We can’t go on like this. We all know it. The frequency of silly little accidents that pop up in near miss reports and such like has increased, is increasing, it ought to be diminished and now we are seeing spectacular big accidents as well, all with the same cause – people at sea have been there too long; stress, boredom and fatigue amongst crew members are affecting ship operations everywhere.
I read the Splash report of the International Chamber of Shipping (ICS) webinar. I also read Frank Coles’ comments. I agree with most of what has been said, but I want to respond to Guy Platten, secretary general of the ICS, who said, “Ultimately unless the supply chain is actually disrupted it’s hard to see why governments would step in.”
That’s correct. Let’s accept that and see what we can do to make governments step in, by disrupting the supply chain. Because that is the only way that this mess is going to be sorted out.
There is a simple way to do it – one that has been used before, more than once, on smaller scales.
We must accept that ours is “an industry which hides in the shadows” as Hugo de Stoop says, and one which is so fragmented – nay, atomised – so individualistic, and so driven by the need to cover costs, that there is no prospect of getting shipowners to co-operate with each other. There is no prospect of getting a crew general strike off the ground, for the same reason, and the same goes for any other forms of voluntary co-operation.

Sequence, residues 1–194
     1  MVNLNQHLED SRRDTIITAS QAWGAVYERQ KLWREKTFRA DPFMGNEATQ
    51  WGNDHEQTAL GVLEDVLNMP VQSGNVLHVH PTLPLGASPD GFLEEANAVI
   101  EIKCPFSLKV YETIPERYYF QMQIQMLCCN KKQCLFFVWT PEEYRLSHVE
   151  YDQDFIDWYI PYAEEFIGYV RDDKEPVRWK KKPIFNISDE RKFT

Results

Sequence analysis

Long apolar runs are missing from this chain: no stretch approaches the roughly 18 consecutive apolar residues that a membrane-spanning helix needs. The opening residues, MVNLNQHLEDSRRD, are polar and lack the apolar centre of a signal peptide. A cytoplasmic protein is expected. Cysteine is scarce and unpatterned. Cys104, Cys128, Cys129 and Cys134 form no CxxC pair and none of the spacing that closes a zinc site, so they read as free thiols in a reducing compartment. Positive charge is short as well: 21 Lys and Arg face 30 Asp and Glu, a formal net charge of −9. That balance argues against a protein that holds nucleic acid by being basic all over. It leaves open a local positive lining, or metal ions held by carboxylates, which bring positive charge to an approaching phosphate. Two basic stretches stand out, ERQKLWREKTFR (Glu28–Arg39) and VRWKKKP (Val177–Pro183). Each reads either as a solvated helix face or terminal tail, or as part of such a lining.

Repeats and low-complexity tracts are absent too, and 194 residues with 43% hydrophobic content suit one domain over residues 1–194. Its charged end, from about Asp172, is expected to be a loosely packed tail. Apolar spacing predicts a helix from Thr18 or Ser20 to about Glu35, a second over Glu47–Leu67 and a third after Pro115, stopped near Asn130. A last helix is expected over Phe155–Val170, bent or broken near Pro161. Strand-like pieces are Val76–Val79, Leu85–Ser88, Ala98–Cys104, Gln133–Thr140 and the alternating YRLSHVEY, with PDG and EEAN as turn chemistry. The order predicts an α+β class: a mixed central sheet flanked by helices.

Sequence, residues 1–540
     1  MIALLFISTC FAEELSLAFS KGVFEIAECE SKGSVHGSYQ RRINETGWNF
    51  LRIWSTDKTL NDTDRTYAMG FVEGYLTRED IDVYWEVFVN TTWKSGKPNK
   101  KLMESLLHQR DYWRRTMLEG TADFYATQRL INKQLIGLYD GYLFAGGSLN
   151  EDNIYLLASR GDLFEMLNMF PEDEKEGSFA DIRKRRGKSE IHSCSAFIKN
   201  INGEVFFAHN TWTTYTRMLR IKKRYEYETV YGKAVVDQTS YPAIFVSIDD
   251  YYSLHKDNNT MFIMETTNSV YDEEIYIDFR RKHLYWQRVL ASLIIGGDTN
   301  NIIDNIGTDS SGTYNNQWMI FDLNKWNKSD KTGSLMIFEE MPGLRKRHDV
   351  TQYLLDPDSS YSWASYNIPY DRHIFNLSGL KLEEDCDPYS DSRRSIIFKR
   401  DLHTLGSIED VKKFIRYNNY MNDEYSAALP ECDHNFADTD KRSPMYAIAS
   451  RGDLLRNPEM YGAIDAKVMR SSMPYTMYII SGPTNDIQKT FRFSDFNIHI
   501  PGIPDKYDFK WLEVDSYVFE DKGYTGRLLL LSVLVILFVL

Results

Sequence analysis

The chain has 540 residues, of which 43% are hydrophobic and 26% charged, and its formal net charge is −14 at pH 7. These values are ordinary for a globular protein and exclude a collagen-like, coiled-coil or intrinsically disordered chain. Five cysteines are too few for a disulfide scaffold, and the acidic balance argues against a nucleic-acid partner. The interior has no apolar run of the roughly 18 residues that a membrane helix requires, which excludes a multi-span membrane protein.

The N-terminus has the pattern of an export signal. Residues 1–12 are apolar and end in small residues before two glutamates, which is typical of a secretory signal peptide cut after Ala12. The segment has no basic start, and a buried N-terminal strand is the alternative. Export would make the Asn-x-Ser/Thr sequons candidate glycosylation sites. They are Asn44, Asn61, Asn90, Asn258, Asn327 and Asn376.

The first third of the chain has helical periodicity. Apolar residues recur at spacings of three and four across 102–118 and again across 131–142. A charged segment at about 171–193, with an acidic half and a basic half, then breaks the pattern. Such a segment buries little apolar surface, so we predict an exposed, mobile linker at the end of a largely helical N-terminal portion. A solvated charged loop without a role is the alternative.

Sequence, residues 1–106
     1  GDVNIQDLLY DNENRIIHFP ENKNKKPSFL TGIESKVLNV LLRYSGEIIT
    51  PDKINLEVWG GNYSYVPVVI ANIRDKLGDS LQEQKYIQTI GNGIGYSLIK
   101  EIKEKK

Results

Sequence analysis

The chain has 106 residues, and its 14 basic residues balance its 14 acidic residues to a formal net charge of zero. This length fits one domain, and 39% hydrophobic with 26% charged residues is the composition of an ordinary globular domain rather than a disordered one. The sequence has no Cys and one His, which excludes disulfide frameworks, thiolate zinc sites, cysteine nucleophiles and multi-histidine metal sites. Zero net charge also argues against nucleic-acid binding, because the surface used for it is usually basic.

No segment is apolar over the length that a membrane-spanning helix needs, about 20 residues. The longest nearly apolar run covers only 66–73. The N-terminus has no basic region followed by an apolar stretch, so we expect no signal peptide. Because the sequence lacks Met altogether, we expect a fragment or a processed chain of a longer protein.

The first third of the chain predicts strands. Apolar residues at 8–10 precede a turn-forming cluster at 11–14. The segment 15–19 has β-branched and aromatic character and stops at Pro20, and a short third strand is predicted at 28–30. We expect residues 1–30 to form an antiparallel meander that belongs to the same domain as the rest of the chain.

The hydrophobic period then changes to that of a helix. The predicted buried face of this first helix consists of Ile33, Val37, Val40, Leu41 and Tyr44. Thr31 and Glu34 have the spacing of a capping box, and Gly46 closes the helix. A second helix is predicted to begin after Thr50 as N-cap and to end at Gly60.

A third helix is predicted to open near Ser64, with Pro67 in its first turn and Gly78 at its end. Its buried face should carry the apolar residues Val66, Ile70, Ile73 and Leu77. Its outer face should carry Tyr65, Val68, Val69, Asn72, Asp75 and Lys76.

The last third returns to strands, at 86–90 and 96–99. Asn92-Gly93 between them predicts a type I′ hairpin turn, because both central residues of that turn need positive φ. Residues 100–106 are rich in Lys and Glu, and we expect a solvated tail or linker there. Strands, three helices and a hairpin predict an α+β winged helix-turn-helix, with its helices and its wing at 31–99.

The Pope and the UN, as Frank points out, won’t help.
We need to disrupt the supply chain, everywhere, at the same time.
To do that we need to get the whole industry to act together – a thing well known to be impossible. If it were possible, freight rates would be telling a very different story.
Except that it is possible, and it has been done. Just not on this scale, but the mechanism exists, and we are all aware that it does. We have just forgotten about it.
I will now tell a little story. Back in the late seventies and early eighties of the last century, the price of oil went up and, strange as this may now seem, the world trade in thermal coal by sea, to be used in power stations to replace oil and gas firing expanded greatly.
In 1982, several ships loaded US coal from barges on the Mississippi, sailed, and had their coal cargoes catch fire. These things do happen. But it happened that three young men working as claims handlers in P&I Clubs thought it ought to be stopped. They spoke to each other, they spoke to their elders and betters, and persuaded them that it would be worth while to engage a firm of consultant chemists to see if anything could be done. The firm of eminent chemists specialising in shipboard fires in general and with a long, long, history of dealing with coal problems was Minton Treharne and Davies, and they quickly diagnosed the problem and recommended a solution. Load the coal in a particular way and don’t load any coal above the temperature at which further spontaneous heating, leading to combustion, may develop. Simple.